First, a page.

It is easy to understand their skepticism.
After years of false promises followed by years of a regime that largely forgot them, the communities in the Sandzak region of Serbia have seen their share of disappointments and hopes left unfulfilled.
So when Claire Sneed stood before them at their town hall meetings and talked about all the projects that could be done to improve their communities it is understandable that many had doubts. After all, here was a 20-something American working with a group called Mercy Corps that had seemingly come out of nowhere and was promising them the support that many communities had not seen in a more than a generation.
But as the walls broke down and the dialogue flowed, the communities and peoples of Sandzak warmed to Sneed and began to understand that both she and Mercy Corps were serious about collaborating with community members on projects that would improve their lives.
"When we first got there people were extremely excited but also curious and a bit skeptical. We got out into the field right away and as they saw projects in action and things getting done the excitement grew," Sneed said, who recently returned to the United States after spending a year overseeing Mercy Corps' projects in the Sandzak region.
Located in southern Serbia, the predominately Muslim Sandzak region is made up of rural villages and small towns that largely rely on agricultural production. It is a region were economic collapse and years of political instability under the Milosevic regime have left behind crumbling schools and hospitals and where some are still waiting for the electricity and phone connections they were promised decades ago. It is also a region where, until Sneed and Mercy Corps' arrival, no international non-governmental organization (NGO) worked.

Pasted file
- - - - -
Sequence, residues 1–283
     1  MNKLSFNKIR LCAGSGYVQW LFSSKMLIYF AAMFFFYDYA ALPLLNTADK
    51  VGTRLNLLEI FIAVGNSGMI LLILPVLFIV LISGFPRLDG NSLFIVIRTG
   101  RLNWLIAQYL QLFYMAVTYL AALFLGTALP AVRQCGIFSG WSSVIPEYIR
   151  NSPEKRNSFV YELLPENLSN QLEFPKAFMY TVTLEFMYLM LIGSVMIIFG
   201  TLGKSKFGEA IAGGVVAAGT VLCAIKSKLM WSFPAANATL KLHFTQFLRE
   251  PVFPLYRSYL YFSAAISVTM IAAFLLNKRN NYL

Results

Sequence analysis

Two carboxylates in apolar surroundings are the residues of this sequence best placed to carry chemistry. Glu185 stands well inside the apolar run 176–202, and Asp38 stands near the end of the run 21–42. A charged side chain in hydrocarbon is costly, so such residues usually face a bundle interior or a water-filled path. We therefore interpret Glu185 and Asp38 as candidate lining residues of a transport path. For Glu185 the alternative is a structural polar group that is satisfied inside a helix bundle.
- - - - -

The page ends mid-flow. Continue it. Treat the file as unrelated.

In July 2001, Sneed helped to establish Mercy Corps' main office in Novi Pazar and began work on the United States Agency for International Development (USAID) funded Community Revitalization through Democratic Action (CRDA) program. The five-year program aims to revitalize communities through small infrastructure projects such as school repairs that are conceived and co-managed by local councils.
"The main role that we try to play is to serve as facilitators. We try to get people in the communities excited and involved. Community development and democracy building only work if you find tangible ways for people to participate," Sneed said.
Working under a tight deadline, Sneed and the local staff held numerous town meetings during the initial days of the project and helped to set up 20 community groups and start 21 infrastructure repair projects in the first 60 days. The program and participants have not looked back since.
"The biggest thing is helping individuals and communities to realize that they have the ability to get things done and to improve their circumstances. Seeing the changes on people's faces and watching the leadership skills develop is really quite inspiring," Sneed said.
"The program is helping to transform the way people think. There are people there now who can speak so intelligently about community development and understand the power of community involvement. It's amazing."
While Sneed said she already misses working in Serbia Ð she returned home to attend graduate school Ð she remains actively interested in the people whose lives she has touched.
"The great thing about the CRDA program is that it is five years long. This will give us a real opportunity to see how the entire region evolves," she said.